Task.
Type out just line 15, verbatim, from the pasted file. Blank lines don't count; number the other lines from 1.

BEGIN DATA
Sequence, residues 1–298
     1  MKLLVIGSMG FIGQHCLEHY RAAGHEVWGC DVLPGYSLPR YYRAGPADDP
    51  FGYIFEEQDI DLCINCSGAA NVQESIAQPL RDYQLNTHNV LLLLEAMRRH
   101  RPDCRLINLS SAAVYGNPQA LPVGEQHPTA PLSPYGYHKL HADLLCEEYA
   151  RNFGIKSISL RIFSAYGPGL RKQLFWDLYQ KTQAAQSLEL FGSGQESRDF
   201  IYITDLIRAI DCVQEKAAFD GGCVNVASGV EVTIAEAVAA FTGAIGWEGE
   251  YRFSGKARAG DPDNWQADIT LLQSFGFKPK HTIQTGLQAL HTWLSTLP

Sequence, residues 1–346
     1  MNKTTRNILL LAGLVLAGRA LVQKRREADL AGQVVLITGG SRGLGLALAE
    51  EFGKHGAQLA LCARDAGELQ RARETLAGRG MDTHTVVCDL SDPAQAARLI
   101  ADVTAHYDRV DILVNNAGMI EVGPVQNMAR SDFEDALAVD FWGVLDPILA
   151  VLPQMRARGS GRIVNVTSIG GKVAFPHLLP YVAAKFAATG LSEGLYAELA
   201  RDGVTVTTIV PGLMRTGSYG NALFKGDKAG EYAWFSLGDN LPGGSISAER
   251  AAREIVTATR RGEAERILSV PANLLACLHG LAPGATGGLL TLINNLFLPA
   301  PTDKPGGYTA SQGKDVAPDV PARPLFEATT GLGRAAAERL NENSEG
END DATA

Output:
   301  PTDKPGGYTA SQGKDVAPDV PARPLFEATT GLGRAAAERL NENSEG